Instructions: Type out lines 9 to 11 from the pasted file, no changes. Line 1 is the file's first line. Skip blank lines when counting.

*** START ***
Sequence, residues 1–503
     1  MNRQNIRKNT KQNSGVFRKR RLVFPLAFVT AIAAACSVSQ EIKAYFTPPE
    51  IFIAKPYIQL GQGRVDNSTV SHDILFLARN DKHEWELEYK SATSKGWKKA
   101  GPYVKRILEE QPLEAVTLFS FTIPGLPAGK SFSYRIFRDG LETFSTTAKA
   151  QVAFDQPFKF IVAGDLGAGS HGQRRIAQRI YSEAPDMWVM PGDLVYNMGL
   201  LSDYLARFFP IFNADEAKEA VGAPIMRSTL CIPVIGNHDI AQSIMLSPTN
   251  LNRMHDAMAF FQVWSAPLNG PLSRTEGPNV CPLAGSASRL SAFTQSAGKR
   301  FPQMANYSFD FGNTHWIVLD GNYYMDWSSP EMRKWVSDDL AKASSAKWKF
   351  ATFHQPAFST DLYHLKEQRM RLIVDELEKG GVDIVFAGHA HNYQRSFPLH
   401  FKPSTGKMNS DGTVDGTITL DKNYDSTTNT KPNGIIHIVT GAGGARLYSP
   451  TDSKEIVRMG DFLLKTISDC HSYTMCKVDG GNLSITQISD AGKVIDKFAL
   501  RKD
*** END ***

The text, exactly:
   351  ATFHQPAFST DLYHLKEQRM RLIVDELEKG GVDIVFAGHA HNYQRSFPLH
   401  FKPSTGKMNS DGTVDGTITL DKNYDSTTNT KPNGIIHIVT GAGGARLYSP
   451  TDSKEIVRMG DFLLKTISDC HSYTMCKVDG GNLSITQISD AGKVIDKFAL